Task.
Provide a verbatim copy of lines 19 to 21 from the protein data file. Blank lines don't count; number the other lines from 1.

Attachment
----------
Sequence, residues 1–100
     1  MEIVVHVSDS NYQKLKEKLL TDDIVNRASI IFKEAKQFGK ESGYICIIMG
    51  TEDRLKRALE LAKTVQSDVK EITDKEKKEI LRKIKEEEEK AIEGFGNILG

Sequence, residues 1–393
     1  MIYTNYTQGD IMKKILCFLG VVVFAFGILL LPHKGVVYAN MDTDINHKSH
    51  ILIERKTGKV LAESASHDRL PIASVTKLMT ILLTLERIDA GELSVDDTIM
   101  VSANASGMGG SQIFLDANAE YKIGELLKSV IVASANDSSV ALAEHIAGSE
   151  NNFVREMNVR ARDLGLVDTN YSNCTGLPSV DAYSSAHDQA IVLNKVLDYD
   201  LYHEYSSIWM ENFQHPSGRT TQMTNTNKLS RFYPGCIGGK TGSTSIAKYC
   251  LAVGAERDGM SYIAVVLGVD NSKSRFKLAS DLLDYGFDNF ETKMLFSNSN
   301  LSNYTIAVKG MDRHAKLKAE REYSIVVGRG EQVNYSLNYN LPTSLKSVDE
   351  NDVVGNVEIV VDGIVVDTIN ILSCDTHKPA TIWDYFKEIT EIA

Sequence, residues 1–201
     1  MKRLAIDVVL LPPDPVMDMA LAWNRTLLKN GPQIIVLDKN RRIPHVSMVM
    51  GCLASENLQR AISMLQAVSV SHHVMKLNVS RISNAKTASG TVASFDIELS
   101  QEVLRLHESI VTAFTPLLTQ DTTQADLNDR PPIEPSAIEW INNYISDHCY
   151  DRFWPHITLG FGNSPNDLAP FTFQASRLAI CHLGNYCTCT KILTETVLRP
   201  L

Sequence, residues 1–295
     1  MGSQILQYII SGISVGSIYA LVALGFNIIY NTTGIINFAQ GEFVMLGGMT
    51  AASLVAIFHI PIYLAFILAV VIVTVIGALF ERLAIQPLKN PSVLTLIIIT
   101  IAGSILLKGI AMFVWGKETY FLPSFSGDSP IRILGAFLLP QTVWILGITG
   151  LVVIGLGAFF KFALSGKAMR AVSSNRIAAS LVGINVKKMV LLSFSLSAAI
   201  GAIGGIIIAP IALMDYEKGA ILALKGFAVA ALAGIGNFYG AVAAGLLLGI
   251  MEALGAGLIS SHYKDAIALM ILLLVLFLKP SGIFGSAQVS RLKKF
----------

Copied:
Sequence, residues 1–295
     1  MGSQILQYII SGISVGSIYA LVALGFNIIY NTTGIINFAQ GEFVMLGGMT
    51  AASLVAIFHI PIYLAFILAV VIVTVIGALF ERLAIQPLKN PSVLTLIIIT